Google is a company which keeps redefining speed. Speed of information flow, speed of browsing, speed in its innovation, Google is truly all about speed. With this obsession, Google finally has thoughts of a faster Internet.
SPDY, as defined by the Chromium blog:
SPDY is at its core an application-layer protocol for transporting content over the web. It is designed specifically for minimizing latency through features such as multiplexed streams, request prioritization and HTTP header compression.
The Chomium blog says it came up with new ideas of web-browser and server interactions, in an attempt to speed up the browsing experience. The SPDY protocol delivers faster than HTTP and delivered 55% faster under test conditions at the labs. SPDY developers tested this by downloading the top 25 websites.
SPDY has been developed as a Google Code project and is Open Source. Google expects the Open Source community to respond to the project. HTTP was widely implemented around 10 years back. SPDY, built today will understand the need of the present day websites, which are significantly different from those that existed a decade ago.
Detailed technical information can be seen at this white-paper release.
Significant improvements in SPDY include,
- A slash of 50% in page load time.
- Communication from server end if the client needs resources and server can provide them.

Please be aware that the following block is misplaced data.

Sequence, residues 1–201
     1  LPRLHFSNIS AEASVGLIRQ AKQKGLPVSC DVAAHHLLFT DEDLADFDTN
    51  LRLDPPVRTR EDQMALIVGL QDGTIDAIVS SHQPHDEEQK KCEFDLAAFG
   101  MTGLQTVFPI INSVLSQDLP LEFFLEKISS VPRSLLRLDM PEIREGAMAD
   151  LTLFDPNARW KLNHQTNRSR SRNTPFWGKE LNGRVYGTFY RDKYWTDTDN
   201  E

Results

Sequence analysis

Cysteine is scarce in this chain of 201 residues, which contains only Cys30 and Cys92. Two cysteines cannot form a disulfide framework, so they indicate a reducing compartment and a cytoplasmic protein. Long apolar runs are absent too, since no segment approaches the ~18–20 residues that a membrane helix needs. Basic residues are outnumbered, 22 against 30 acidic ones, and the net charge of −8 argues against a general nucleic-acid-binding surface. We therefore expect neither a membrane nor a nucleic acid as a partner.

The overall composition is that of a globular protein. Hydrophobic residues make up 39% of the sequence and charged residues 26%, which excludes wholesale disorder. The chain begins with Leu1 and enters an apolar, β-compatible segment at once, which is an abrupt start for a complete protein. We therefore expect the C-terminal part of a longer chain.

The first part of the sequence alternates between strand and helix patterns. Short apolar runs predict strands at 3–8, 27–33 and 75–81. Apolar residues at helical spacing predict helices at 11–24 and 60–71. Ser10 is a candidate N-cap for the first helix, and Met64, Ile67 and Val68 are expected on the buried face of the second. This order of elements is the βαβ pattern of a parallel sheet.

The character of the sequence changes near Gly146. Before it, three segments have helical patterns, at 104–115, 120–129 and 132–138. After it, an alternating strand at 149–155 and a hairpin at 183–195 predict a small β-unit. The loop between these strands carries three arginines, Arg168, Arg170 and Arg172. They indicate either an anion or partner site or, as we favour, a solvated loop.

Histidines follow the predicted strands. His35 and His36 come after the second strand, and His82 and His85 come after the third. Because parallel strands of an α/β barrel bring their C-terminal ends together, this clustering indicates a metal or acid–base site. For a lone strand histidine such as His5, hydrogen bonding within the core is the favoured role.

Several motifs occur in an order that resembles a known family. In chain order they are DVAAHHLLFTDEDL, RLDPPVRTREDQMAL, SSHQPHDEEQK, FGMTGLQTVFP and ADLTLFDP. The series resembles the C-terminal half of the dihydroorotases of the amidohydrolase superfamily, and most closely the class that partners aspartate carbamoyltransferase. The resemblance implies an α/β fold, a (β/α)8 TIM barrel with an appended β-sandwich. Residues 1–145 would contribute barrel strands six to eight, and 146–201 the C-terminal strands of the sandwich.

- Use of SSL as the underlying protocol, providing a secure web.
- Use of header compression.
- Allowing concurrent HTTP requests in a single TCP session.
Apart from this, SPDY also aims at making the switchover from HTTP to SPDY hassle free for web-authors. This will save them from making any significant changes in their websites for using SPDY.
SPDY, is just another of the innovations to create a faster web. There are other projects running parallel to SPDY and all aim at speeding up the Internet. Though, SPDY raises some concerns about making web-browsing more resource hungry for the client end. The client end will be forced to use SSL, which is not required more often. Google also claims that SPDY is not a HTTP replacement. Did they mean from the technical aspect or from an implementation point of view?
With the release of Google Chrome OS due this week, Chrome browser getting faster each day and now a Google application layer protocol for web-servers from which my favorite websites might be served, Google search being a primary resource for my research, Gmail being my primary mail client, I see Google taking up the whole of my computer usage. Should I be worried?